My apartment is haunted. Disembodied voices randomly echo off the egg-shell white walls of my humble abode, playing Taylor Swift and trying to get my attention with bright flashing lights. It’s almost as scary as forgetting my phone at home and having to actually interact with the real world.
OK, nothing is that scary, and my place isn’t really haunted. But if it was, it would help to explain the sheer number of times my Amazon (AMZN) Echo, Apple (AAPL) HomePod and Google (GOOG, GOOGL) Home activate on their own. A few times each week Alexa, Siri or Assistant will pipe up and tell me they can’t do a particular task, ask for clarity on a question I didn’t ask or simply begin playing music without my direction.
At this point, I’d almost rather have a spectral child asking me to play with him or her forever and ever than have to tell Siri, Alexa or Assistant to shut up, again. Actually, I take that back. I never want a ghost kid haunting me. They’re so needy.
Either way, I’m not the only person who is experiencing these kinds of accidental activations. Search the web for anything having to do with “Echo turns on by itself,” and you’ll get a long series of links pointing to consumers who’ve had their digital assistants make unwelcome intrusions into their conversations.
You can do the same search for Google Home and get similar results. Apple’s HomePod doesn’t return as many results, but it’s also been on the market for only about a month, less time than Amazon’s and Google’s assistants, so fewer people likely own it at this point.
The issue here is that my three digital assistants are misinterpreting portions of my everyday conversations as their individual activation phrases. To be clear, I still use these three assistants on a daily basis. I ask them to play music, ask them for a weather and traffic update, yell obscene things at them to see how they’ll reply and ask inane questions like how to mince garlic.
I also find these occasional interruptions pretty funny when they happen mid conversation with someone. It’s been interesting to see what seemingly innocuous phrases trip up these assistants. “Hey, sweetie,” regularly activates the HomePod, which thinks I’m saying “Hey, Siri.” My New Jersey accent combined with how quickly I talk when I’m overly excited causes Alexa to kick on when I say “And so.”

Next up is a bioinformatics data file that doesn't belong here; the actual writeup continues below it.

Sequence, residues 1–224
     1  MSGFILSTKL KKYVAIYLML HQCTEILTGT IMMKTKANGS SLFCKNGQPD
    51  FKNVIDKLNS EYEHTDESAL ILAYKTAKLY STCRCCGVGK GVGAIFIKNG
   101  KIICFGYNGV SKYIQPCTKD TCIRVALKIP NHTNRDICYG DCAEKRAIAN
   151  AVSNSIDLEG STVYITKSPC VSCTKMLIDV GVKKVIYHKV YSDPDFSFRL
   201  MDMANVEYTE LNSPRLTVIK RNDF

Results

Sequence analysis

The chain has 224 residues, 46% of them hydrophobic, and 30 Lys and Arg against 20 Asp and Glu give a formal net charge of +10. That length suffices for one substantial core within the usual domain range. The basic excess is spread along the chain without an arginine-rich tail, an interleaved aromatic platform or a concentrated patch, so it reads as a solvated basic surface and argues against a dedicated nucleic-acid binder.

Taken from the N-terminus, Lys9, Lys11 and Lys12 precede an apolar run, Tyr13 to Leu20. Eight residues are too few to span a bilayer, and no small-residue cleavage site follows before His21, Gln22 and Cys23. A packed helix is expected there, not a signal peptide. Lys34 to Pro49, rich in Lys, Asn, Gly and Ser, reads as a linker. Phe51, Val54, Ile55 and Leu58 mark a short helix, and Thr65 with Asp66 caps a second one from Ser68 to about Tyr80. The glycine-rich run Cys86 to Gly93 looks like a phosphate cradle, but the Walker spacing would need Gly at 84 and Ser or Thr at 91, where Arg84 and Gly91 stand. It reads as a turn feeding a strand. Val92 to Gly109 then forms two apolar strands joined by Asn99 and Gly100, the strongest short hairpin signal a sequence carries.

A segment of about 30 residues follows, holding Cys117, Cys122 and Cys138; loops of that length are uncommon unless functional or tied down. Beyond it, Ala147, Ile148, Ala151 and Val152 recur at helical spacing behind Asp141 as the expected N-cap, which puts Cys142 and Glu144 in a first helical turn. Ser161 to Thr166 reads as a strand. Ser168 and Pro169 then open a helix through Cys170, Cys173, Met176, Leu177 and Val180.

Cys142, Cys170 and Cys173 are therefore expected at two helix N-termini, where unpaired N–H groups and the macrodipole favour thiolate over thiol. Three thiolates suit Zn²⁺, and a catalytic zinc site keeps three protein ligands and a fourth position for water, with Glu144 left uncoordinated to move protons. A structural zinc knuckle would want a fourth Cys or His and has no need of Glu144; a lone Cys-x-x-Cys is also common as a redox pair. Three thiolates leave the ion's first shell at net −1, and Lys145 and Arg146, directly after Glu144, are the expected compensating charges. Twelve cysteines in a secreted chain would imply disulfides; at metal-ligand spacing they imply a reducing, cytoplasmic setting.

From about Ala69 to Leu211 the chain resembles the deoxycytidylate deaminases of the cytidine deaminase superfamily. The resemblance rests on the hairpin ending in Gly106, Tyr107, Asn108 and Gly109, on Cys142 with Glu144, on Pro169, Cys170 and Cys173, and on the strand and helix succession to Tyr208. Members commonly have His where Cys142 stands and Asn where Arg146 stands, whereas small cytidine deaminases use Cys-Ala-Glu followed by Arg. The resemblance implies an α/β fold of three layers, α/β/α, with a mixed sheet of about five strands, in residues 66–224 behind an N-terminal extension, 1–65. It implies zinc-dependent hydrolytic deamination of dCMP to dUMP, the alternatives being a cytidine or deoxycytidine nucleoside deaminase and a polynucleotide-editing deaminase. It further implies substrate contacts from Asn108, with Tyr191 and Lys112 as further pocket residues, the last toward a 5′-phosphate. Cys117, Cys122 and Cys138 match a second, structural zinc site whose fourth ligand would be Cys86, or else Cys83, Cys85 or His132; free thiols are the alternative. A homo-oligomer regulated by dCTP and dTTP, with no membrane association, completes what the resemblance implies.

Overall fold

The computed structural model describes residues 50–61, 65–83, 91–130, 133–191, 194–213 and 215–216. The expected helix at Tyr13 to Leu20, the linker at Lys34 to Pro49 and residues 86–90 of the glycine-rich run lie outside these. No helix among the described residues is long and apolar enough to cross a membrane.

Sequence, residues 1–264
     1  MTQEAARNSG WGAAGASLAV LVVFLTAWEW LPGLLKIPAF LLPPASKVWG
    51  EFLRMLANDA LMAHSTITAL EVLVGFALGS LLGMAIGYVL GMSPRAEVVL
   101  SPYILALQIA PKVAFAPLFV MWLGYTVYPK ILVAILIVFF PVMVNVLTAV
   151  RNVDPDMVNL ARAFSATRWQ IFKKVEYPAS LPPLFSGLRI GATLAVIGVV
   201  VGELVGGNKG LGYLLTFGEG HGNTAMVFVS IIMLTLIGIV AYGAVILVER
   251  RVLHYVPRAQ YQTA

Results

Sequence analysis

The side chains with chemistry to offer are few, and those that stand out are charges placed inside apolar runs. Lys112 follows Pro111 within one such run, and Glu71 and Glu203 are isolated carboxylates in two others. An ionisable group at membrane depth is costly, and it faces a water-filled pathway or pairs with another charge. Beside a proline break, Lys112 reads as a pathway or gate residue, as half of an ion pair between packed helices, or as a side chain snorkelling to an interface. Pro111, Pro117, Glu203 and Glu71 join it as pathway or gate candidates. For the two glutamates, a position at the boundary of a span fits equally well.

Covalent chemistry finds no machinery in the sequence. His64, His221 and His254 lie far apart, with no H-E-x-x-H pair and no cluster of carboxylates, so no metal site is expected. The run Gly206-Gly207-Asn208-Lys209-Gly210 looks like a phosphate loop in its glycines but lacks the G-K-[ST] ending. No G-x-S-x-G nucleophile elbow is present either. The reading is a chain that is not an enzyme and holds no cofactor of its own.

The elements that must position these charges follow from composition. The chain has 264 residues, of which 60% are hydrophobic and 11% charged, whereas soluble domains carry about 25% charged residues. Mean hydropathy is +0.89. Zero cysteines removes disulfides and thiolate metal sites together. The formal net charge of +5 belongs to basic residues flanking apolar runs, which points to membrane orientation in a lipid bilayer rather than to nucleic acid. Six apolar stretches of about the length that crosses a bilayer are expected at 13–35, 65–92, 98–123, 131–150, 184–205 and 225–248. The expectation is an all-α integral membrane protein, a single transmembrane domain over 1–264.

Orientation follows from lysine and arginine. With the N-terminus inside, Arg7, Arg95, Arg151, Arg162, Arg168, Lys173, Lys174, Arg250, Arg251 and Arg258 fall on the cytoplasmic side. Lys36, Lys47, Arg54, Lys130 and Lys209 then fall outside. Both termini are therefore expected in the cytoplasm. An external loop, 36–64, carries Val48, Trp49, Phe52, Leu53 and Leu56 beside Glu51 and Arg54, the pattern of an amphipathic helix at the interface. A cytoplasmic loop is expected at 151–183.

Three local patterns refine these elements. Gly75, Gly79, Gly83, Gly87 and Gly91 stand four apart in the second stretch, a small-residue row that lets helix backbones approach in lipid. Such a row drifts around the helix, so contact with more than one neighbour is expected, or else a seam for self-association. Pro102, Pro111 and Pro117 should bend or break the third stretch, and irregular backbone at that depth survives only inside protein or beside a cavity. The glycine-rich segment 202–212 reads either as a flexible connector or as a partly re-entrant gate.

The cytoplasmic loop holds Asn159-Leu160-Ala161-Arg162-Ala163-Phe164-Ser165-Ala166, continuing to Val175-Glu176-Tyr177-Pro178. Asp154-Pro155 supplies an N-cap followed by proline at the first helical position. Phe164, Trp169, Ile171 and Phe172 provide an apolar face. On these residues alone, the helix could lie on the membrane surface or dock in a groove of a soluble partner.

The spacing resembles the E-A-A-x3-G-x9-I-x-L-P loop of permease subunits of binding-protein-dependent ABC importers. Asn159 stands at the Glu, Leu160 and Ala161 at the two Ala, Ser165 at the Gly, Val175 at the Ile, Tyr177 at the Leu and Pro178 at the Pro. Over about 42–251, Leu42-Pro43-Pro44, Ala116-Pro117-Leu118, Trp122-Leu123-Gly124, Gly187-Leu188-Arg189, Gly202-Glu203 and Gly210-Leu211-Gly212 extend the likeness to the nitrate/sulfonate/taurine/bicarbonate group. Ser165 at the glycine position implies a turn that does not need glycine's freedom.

My personal dictation issues aside, the Echo and Home, specifically, have also fallen victim to trolling from TV shows like “South Park” and commercials for Burger King, both of which tried to activate users’ devices on purpose.
More recently, Amazon’s Alexa was laughing at users after being inadvertently triggered to do so. Amazon quickly issued a fix to the voice assistant that made it harder to activate the laugh, after videos of the Echo cackling at users went viral.
When it comes to the Echo, Amazon gives you the ability to change the launch phrase for Alexa from, well, “Alexa”, to “Computer” or any phrase you like. It also means you can pretend to be Captain Jean-Luc Picard from “Star Trek: The Next Generation.” And we all know Picard is the superior captain. Sorry Shatner fans.
A more extreme solution is to silence the speakers entirely. The Echo, HomePod and Home all have their own microphone mute buttons. So, if you don’t want any of them listening to what you say out of fear of inadvertently activating them, you can simply disable the mic and that’s that. But that also means having to switch the mic back on whenever you want to use the speakers’ voice control features.
Your best bet is to simply deal with the occasional annoyance of having your smart speaker switch on at the odd moment here and there. My personal situation is far from normal since I have so many speakers in a “1.5” bedroom apartment. In other words, the vast majority of people won’t notice their assistants turning on as much as my fiancé and I do.
What’s more, Amazon, Apple and Google are all constantly issuing updates for their respective devices to help them cut down on accidental triggers. It might not seem like it, but we’re still in the very early days of these smart assistants, which means they’ll only get better from here.
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